Commentary Crunch

Dear Editor,
I was reading your article last week on terrible parenting and physical abuse and it occurred to me that maybe people just didn’t understand how to use relaxation techniques. Like there’s this one I learned in drama class last week where you lie down and you tense the muscles in your toes as hard as you can and count to like twenty or something and then let them go, and then the muscles in your feet (which I don’t really understand because my toes are part of my feet but I’m not about to ask what this means), as hard as you can until twenty, and then ankles and calves and so on (you can skip the middle parts if you’re a prude or really farty or something) and by the end you’re relaxed, and don’t you think parents would stop punching their kids if only they did this instead? It’s amazing. I fall asleep doing it all the time.
Love and hearts,


Dear Class,
Thank you for the tip!


Dear Editor,
I read the letter from Classof2011RulezWHATWHAT. This is a terrible tip to pass along. Clenching any muscles as hard as you can without a proper warmup and sufficient training is just asking for an injury. Your noted publication should not be encouraging people to injure themselves. Instead, it should encourage people to hire a personal trainer such as myself. I would be happy to teach them how to do this safely.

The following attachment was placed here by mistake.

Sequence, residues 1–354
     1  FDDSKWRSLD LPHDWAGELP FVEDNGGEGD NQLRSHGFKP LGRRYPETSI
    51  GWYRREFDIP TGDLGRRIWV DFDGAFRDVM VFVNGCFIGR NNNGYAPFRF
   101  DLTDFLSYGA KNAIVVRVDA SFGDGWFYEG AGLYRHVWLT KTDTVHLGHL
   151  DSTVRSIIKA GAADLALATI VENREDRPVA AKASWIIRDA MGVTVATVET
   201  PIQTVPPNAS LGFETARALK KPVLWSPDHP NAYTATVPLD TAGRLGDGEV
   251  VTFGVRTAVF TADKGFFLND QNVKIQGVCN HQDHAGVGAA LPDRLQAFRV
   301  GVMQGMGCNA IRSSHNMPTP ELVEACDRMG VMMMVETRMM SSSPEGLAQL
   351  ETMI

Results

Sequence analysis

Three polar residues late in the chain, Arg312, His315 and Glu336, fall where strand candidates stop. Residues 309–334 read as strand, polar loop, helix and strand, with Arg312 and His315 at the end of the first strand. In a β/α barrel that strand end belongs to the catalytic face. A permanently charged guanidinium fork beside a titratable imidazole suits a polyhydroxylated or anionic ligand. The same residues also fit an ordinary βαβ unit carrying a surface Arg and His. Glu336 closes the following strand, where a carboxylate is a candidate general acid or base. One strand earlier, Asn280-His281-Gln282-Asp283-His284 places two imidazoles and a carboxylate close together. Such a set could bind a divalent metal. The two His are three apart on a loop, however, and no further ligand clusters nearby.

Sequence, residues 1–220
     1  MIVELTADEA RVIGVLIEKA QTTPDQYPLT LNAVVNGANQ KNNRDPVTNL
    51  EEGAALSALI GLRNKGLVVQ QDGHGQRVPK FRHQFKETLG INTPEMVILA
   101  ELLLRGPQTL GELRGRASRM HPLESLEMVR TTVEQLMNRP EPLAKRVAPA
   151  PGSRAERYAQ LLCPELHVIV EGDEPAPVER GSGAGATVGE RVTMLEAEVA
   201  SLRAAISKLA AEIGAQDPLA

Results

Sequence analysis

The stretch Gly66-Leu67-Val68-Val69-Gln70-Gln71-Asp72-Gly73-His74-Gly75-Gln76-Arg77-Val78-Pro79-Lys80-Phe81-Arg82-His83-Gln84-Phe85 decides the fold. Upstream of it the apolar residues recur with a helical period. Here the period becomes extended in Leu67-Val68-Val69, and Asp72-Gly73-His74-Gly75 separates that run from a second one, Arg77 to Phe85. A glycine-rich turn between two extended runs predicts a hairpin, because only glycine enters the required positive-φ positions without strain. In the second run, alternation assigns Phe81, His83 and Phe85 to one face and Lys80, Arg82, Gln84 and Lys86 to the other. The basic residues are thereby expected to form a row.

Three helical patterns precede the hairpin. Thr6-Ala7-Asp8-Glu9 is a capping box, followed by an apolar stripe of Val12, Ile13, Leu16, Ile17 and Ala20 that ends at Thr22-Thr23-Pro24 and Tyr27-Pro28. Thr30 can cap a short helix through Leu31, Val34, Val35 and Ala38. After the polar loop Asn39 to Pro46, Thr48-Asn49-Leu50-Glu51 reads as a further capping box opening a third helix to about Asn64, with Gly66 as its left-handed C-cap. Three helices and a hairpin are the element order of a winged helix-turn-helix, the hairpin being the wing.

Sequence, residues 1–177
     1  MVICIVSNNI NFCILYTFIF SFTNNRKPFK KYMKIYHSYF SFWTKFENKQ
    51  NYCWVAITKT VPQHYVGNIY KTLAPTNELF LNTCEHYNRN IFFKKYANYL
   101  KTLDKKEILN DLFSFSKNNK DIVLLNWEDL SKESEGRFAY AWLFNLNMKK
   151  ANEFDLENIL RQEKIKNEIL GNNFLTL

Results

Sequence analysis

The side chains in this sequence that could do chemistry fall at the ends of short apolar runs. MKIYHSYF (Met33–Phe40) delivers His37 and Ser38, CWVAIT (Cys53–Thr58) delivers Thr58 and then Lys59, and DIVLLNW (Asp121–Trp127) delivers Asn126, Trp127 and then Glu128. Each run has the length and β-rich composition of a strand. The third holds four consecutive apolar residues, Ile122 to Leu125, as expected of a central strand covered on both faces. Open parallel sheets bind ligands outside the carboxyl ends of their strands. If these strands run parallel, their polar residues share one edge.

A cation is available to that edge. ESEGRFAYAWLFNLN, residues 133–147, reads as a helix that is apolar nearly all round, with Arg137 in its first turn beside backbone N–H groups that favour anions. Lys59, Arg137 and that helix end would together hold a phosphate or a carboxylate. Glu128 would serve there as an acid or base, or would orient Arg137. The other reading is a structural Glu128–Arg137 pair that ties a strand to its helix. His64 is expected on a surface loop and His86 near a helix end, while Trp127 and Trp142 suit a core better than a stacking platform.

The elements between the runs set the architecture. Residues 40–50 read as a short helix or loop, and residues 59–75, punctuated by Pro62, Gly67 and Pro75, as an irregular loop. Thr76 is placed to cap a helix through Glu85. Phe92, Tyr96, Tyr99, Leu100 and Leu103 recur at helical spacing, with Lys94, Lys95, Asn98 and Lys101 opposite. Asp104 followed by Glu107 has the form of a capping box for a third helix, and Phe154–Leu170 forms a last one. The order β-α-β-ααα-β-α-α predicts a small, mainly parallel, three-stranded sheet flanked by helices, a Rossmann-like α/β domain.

Dear Personal,
Thank you for the tip!


Dear Editer,
How come your starting to put ads in your colum? Obvously “” was not really his name and, his just trying to get you to look up his sight. Your better then this.
Think abot it,


Dear Weary (Wary?),
Thank you for the thought!


Dear Editor,
I know that your policy is to publish letters as they were submitted; have you considered encouraging your readers to consult with a professional proofreader? In the letter submitted by “WearyConsumor” I discovered fifteen errors within the first thirty seconds. If I had taken the time to damage my mind by re-reading it, I’m sure my tally would have numbered in the thousands. Perhaps you should also consider refusing to publish badly written letters.


Dear Word,
Thank you for the thought!


Dear Editor,
Your letter from WordNerd was clearly written by someone with no concepts of math. People who don’t understand that “thousands” of errors would be orders of magnitude greater than “fifteen” errors shouldn’t throw numbers around like that.


Dear Solar,
Thank you.


Dear Editor,
Hyperbole and other forms of exaggeration are well-accepted in English. Being smart at math apparently does nothing to help people understand communication.


Dear Rhetorical,


Dear Editor,
I would like to complain about the use of false names in online communication. “RhetoricalQuestioner” isn’t even that sensical (sensible?). It implies that the writer of the letter is asking questions that he does not want answered, but in fact he didn’t even ask a question. There wasn’t even a question implied. No wonder he wanted to hide his real name — he can’t possibly stand behind what he wrote.
Darren Abernathy, Lincoln


Dear Darren,